Author Topic: Which Japanese learning method(s) work -- IMMERSION?  (Read 5287 times)

Offline nixonlee

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Which Japanese learning method(s) work -- IMMERSION?
« on: August 01, 2012, 11:41:37 AM »
I have a Canadian friend who spoke Japanese brilliantly.  But, his method was basically graduating a Japanese university--sort of forced immersion.  It seems this may be the best method for learning Japanese.  But now we are teachers and have no time, resources, or legal rights to do this.  So what do we do?

Some people say use Pimsleur--but it seems that this method is designed to take you from level 0 to level 2 really fast and then you hit a wall. 

There is a brilliant website called AJATT (All Japanese All The Time) and his method is immersion.  Basically he says do everything you do in Japanese and eventually you will pick everything up.  Don't worry about grammar because native speakers don't need to learn grammar to speak and read Japanese. 

Also on the AJATT site, I learned of another method using smart flash cards (forgot the name of the system) but it's basically flash cards that automatically appear as often as you need them based on the score you give as to how well you know them.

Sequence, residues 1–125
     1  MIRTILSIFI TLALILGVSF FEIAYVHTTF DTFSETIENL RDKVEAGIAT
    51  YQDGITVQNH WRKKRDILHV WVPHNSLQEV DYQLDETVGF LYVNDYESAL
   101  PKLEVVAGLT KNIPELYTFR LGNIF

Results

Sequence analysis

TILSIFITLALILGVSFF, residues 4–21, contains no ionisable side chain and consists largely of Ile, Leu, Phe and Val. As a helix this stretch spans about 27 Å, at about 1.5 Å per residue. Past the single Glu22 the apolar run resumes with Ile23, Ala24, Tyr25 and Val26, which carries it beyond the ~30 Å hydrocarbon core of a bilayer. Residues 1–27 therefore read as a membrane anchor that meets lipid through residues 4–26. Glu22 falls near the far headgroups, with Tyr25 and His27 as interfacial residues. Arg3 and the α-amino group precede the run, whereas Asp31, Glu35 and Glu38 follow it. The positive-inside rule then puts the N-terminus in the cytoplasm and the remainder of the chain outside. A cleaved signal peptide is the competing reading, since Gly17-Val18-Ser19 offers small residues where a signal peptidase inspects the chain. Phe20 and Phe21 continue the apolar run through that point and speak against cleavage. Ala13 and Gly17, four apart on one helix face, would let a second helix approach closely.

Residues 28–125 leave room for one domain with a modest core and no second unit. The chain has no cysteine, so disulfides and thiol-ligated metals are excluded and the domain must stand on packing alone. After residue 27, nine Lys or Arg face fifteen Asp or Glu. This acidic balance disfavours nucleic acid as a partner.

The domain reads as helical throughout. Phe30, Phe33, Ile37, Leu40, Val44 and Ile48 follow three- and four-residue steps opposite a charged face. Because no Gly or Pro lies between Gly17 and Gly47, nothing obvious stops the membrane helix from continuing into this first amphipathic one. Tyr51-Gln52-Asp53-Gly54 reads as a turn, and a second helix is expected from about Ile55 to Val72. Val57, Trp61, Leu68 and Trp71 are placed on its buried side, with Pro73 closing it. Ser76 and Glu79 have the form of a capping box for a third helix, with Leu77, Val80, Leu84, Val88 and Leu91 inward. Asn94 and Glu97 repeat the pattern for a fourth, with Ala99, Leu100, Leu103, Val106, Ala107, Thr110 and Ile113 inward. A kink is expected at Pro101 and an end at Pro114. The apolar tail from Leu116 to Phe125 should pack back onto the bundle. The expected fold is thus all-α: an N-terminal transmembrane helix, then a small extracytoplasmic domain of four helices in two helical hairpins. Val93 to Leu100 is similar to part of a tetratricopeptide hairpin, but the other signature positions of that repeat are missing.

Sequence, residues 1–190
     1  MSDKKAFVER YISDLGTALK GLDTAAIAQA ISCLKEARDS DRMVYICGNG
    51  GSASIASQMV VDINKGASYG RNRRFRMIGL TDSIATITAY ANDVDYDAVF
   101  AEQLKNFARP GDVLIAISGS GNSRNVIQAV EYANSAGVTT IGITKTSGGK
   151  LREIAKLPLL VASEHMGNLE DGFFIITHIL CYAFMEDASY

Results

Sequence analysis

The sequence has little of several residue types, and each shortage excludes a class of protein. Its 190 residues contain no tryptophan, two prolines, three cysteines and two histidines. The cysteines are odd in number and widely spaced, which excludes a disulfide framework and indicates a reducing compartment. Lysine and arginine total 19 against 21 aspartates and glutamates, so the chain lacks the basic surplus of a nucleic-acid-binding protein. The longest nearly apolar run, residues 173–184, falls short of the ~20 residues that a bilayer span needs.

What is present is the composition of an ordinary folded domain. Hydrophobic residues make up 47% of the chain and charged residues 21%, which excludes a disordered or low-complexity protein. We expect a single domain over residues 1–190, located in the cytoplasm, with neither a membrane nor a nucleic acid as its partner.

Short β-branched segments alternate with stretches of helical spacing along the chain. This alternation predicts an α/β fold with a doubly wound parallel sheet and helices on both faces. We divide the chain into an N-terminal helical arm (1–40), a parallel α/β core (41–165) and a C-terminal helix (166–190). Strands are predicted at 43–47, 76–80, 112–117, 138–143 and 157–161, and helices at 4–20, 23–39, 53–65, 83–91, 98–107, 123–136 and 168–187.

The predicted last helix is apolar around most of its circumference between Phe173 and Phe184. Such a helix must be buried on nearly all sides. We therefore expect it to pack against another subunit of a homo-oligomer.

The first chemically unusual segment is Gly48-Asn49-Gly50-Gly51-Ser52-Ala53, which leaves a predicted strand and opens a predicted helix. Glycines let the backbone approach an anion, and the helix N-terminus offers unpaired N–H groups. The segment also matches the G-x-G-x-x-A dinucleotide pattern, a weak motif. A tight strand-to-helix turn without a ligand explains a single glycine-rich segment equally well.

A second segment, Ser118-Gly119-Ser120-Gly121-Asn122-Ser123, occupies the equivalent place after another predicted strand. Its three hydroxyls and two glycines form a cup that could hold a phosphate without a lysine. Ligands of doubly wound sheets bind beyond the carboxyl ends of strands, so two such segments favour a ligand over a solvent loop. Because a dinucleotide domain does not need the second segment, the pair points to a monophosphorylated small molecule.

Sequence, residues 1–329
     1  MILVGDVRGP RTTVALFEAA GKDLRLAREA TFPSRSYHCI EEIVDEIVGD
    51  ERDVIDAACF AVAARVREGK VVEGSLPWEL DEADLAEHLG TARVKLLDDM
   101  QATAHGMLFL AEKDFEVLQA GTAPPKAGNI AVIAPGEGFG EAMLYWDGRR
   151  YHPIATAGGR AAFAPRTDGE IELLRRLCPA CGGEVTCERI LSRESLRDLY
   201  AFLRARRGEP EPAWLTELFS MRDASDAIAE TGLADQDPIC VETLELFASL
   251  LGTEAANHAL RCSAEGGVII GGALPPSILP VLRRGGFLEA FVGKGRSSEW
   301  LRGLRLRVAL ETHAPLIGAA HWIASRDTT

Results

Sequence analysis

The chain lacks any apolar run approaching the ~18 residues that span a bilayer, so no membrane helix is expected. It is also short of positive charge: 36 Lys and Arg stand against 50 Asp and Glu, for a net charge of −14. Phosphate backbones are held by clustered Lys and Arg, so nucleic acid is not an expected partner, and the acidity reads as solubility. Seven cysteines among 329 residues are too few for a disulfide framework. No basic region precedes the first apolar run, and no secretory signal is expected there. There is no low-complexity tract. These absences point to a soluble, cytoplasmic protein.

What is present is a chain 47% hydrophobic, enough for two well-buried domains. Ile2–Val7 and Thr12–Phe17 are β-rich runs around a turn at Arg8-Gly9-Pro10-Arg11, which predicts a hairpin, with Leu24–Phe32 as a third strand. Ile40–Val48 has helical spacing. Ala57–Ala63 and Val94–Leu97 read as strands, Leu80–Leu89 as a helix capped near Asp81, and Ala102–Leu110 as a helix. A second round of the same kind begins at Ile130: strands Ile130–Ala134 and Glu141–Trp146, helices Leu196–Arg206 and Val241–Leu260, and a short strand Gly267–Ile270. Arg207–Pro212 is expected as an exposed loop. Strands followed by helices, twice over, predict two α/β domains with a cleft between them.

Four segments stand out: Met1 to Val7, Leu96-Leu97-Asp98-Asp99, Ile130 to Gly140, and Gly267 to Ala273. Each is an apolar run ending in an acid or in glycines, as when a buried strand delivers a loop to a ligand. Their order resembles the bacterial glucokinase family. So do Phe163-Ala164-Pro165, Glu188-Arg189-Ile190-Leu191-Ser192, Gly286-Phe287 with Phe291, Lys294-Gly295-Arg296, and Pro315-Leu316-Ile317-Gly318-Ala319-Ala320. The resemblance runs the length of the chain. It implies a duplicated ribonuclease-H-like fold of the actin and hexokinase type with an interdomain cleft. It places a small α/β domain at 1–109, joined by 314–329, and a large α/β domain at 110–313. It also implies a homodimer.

There are tons of resources I have found for learning Japanese, learning Kanji, and so on.  And many of them seem to work well at first until you hit that wall.  Some of them, you take a day break, and then loose to much.  Then you have no energy to try it again. 

Most great speakers seem to only speak well because they have immersed themselves in the language.  Either through college, relationships, or enjoying all the anime, manga, and Japanese video games they possibly can.  But it seems that many of us live here and have the good intent to learn the language but somehow fail.  Perhaps using English internet and watching movies in English is our way of avoiding culture shock... or maybe we are just to damn lazy.

My question is simply, for those of you who have seen some success, please tell a little bit about what you have done.  We would all appreciate something to get us amped up and GENKI for Japanese! 

THANKS!

Offline Josiah

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Re: Which Japanese learning method(s) work -- IMMERSION?
« Reply #1 on: August 01, 2012, 12:40:50 PM »
My Japanese hasn't improved that much in the year since I've lived here. I think I feel more comfortable speaking, and my vocab has increased, but my "style" is still the same (i.e. really bad grammar). When I lived here before I learned a lot extremely quick because I literally had no one to speak English to. I didn't even have to study.

I took Japanese for 3 years in university and I don't feel like that helped my Japanese at all. The only thing it did was keep me from forgetting.

For me, the textbook method doesn't work that well, but right now I am at a huge plateau. So I gotta put the ritter to the titter at this point and just grind it in. I don't think there's any one tried and tested way for people to learn - you kind of discover your own preferred method.